Yes, Investors Care About Gender Diversity

Yes, Investors Care About Gender Diversity

Tech companies used to be tight-lipped about the gender breakdowns of their employees. Some even argued that such information was a trade secret. But in recent years, that trend has reversed. Google, Facebook, Apple, and many other tech firms have released diversity reports, which show that the fraction of women ranges from about one-sixth of workers to nearly half.

These reports got Thomas Lys, a professor emeritus of accounting information and management at Kellogg, and collaborators wondering: Do the investors who read these reports value gender diversity?

“Our focus was: Can you make a business case for diversity?” says Lys. If so, then reports revealing relatively high diversity should boost stock prices more than those revealing low diversity.

That’s exactly the pattern that emerged in a study of technology and finance companies, conducted by Lys and his colleagues. When companies reported a higher percentage of women, investors appeared to reward them with larger increases in stock value.

The magnitude of the effect is “surprisingly large,” Lys says. For example, the researchers estimate that if the share of women at Google had been one percentage point higher when the firm released its diversity report in 2014, the company’s market capitalization would have been about $375 million higher at the end of the day of the announcement.

For Lys, the message is clear. “Investors value gender diversity, that’s for sure,” he says. “They value it very strongly.”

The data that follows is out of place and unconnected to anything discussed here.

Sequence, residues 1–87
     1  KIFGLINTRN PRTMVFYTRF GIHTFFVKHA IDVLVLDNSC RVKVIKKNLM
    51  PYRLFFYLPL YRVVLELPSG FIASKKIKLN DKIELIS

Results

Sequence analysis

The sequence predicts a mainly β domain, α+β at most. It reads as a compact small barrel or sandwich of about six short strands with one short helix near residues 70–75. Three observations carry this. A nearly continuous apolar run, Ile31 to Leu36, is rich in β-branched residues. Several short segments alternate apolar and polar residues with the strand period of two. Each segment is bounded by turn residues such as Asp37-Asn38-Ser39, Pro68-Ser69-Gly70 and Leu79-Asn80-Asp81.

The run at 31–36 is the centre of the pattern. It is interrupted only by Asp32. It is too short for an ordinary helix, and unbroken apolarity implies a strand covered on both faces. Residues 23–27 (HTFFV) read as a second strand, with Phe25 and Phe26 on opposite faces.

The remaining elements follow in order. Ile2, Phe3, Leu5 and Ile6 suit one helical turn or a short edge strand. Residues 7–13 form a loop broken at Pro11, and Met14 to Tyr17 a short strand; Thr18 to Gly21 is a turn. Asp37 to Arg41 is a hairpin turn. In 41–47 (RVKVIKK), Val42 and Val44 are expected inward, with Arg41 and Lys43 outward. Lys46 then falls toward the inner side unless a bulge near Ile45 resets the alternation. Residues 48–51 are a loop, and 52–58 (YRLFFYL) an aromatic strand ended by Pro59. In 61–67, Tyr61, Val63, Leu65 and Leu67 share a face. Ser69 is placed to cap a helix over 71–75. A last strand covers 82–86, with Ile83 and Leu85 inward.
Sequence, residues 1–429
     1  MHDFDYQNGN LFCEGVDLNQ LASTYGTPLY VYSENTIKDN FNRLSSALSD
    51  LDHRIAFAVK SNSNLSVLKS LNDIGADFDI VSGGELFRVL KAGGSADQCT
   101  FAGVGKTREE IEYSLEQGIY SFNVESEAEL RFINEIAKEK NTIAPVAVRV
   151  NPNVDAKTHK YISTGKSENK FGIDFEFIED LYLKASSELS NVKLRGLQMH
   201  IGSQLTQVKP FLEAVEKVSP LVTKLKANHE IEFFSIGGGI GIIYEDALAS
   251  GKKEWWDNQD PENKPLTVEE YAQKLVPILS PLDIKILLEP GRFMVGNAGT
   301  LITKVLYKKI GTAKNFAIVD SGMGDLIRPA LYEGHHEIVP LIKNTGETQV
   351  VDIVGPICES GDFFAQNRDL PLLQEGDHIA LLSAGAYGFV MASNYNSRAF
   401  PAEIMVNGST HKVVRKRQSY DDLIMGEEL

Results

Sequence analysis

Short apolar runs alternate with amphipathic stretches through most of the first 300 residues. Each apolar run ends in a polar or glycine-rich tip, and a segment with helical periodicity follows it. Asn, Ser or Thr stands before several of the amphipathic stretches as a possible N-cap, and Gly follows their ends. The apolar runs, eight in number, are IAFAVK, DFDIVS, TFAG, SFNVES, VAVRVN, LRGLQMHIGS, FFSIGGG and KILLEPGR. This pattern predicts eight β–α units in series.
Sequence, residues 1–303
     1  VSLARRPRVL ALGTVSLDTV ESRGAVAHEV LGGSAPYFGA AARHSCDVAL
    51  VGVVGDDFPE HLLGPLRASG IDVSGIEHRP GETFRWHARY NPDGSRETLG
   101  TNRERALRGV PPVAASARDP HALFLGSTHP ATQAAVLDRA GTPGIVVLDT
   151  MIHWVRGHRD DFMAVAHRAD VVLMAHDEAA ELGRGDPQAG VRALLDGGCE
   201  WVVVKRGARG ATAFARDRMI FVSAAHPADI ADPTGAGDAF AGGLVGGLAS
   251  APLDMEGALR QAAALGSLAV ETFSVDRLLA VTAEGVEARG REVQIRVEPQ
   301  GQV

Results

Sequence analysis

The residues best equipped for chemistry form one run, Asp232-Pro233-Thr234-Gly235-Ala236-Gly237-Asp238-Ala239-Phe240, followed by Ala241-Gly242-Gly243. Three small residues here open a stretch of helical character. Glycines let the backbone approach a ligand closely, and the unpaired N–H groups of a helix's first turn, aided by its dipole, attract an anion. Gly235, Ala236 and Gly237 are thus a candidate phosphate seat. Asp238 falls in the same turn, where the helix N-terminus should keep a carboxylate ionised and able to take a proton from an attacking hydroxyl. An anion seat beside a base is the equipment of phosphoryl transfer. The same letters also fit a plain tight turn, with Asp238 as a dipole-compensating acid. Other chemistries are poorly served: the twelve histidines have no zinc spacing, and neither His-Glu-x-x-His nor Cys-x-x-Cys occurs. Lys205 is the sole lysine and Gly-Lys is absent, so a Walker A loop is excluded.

A Fresh Perspective on Diversity in Business

Many academic studies have attempted to rigorously tease out whether diversity improves team performance. Results have been mixed, partly because it is difficult to separate diversity from the multitude of other factors that determine a company’s success—though randomized experiments, often considered the “gold standard” of scientific evidence, have tended to show that diversity is beneficial.

But little has been done to determine how investors feel about diversity.

“Investors have been an overlooked constituency,” says Stanford University Professor Emerita Margaret Neale, who coauthored the paper along with her former students David Daniels, now at the Hong Kong University of Science and Technology Business School, and Jennifer Dannals, now at the Tuck School of Business at Dartmouth.

There are some studies that examine investors’ responses to increasing the number of women on boards of directors, again finding mixed results. But little work has actually addressed how investors feel about diversity among rank-and-file workers, which presumably would more directly influence company productivity.

“Investors value gender diversity, that’s for sure.”

— Prof. Thomas Lys

Investors might see pros and cons to diversity. On one hand, they might believe that diversity boosts creativity, or that more diverse firms are less likely to become embroiled in legal troubles, such as discrimination lawsuits, both of which could be good for the company’s bottom line. Or perhaps investors believe that increasing diversity is simply the morally right thing to do.

On the other hand, investors might buy into stereotypes that women aren’t as good at leading teams or performing technical tasks. Or they might worry that more diverse teams will have problems getting along.

The key question, Neale says, is whether investors believe the benefits of gender diversity outweigh the costs. If so, that net positive attitude should be reflected in stock-price changes.

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